The 2009 Thelma Shobe Lectureship
Lee S. Shulman
"The Pedagogical Imperative in the Health Sciences:
The Challenges of Professional Formation"
Dr. Lee Shulman, immediate past president of the Carnegie Foundation for the Advancement of Teaching and renowned scholar of professional and general education summarizes his focus for the upcoming Thelma Shobe Distinguished Lecture on Ethics and Spirituality in Health Care, April 29th, 2009, 12:00, presented by UCSF School of Nursing.
Under Dr. Shulman's direction, The Carnegie Foundation for the Advancement of Teaching has completed a ten year program of research on professional education. This research, undertaken on the 100th anniversary of the original Carnegie Flexner Report on Medical Education, is already having a significant influence on professional education. Dr. Shulman will present cross-professional educational comparisons between Clergy, Engineering, Law, Medicine, Nursing and Teaching emphasizing themes in the scholarship of teaching and the formation of professionals. He will address the question: What does it mean to "profess" as health care professional educators?
Dr. Shulman highlights key points in his lecture below:
The Pedagogical Imperative in the Health Professions:
The Challenges of Professional Formation
The professional preparation and sustenance of teaching in the health professions requires its own rounds and rotations, its own case conferences, its own routinized practices of public performance and repair. What would teaching look like if we took it as seriously as we take clinical care and clinical research?
Ideas, knowledge, understanding and hence scholarship matter, matter so much that they cannot be hoarded and preserved solely for the cognoscenti. Teaching is that form of scholarship-based knowledge that needs to become community property. Teaching is that professional role which can improve and flourish if those engaged in it do not hoard what they have learned, much less the errors they have undertaken and the mistakes they have made.
In one focus group of nurses a student defined a nurse as "the patient's last line of defense." I shall argue that, in parallel, in the health sciences (and everywhere else in the Academy), we must expand that view and declare that "The teacher is the student's last line of defense." Alas, in an academic community where teaching is constantly subordinated both to research and publication on the one hand and on clinical care on the other, the pedagogical imperative has been tragically overlooked.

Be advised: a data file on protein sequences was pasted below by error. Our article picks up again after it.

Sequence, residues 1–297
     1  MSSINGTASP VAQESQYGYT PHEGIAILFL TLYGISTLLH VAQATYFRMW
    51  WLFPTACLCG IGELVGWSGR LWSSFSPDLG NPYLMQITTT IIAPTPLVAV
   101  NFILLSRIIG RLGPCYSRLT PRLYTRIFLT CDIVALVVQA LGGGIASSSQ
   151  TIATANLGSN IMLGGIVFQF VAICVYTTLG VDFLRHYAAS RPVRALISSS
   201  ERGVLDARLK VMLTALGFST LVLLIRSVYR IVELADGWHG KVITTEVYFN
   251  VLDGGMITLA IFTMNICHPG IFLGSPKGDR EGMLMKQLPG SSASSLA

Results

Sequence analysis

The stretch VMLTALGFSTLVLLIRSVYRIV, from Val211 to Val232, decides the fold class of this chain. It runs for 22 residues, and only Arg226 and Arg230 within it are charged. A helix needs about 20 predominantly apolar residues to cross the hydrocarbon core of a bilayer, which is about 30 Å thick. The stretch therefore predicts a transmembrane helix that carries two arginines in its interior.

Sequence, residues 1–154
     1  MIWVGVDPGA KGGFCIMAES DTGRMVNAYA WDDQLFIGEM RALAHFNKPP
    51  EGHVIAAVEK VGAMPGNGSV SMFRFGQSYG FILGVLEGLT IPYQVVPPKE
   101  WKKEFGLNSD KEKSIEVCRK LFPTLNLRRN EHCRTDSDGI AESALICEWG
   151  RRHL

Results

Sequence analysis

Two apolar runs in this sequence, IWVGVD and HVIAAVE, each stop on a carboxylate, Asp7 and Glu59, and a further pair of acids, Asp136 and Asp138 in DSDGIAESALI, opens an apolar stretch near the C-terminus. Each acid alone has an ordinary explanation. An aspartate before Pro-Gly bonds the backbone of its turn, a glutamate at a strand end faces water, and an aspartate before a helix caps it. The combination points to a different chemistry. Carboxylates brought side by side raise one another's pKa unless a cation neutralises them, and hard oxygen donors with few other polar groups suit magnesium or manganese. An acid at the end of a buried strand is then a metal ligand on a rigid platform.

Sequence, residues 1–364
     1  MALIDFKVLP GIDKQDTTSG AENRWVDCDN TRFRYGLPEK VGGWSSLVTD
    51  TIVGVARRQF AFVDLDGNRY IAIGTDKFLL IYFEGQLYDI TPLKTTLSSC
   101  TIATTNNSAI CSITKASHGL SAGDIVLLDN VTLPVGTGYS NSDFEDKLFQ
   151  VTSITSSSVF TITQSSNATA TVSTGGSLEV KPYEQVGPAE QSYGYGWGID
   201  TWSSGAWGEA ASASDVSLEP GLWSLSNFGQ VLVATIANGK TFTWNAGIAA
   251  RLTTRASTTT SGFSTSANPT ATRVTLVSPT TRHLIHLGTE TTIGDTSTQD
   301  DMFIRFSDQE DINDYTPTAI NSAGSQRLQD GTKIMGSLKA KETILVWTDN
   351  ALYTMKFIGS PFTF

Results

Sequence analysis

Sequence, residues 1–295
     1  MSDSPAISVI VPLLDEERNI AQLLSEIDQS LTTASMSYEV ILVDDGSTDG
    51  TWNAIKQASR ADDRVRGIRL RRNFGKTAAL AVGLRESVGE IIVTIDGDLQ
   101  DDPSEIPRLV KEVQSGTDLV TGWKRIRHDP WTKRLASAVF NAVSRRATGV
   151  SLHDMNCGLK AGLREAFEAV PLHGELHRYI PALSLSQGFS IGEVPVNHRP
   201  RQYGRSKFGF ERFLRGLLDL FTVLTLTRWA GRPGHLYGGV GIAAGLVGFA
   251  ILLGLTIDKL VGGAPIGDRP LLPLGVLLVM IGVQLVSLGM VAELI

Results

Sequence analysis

From our work on the education of ministers, priests, and rabbis, came the metaphor of pastoral imagination as a reflection of the essential tension between sacred text and worldly action, between vision and vocation, between conception and comportment, between theory and practice. All professional education must address three essential apprenticeships:Knowledge of relevant science, technology, literature and theory, skilled know-how and judgment in clinical practice and ethical comportment and formation. How, in the education of health professionals, which attempts to do justice to all three apprenticeships, can one faithfully discharge one's pedagogical obligations to all three while attempting to support the development of the healing equivalent of pastoral imagination? In spite of an atmosphere of educational program acceleration, for example, the press to complete nursing doctorates in 3-4 years, doctoral education must include a heavy emphasis on the pedagogical and moral imperatives of the scholar, and not solely the obligations of research.
In our studies of the education of lawyers, we observed the tension between the competing roles of lawyer as "zealous advocate" and as "officer of the court." How do teachers in the health professions address the parallel dilemmas of health care? How do they engage in the pedagogical work of enacting learning that wrestles with such challenges, embodying those values and commitments needed to confront such situations thoughtfully and ethically, and do so in a regular, continuing and persistent way so that it contributes to the formation of the health professional? Engineers note: "We mess with the world, and then are responsible for the messes we make." Teachers mess with the minds and hearts of students by teaching them and engaging with them, and too are responsible for the consequences.
Health care professionals have the moral obligation to resist the hegemony of research and publication when it becomes a barrier to the pedagogical imperative, and the need for a courageous stand against research as ritual rather than as a social and communal contribution to the common good.
Health care professionals have the moral obligation to profess what one knows, to confess what one does not, to act in the absence of full knowledge on the promise that we will "forgive and remember," and, when necessary, to act in spite of the consequences when commitment must take precedence over certainty.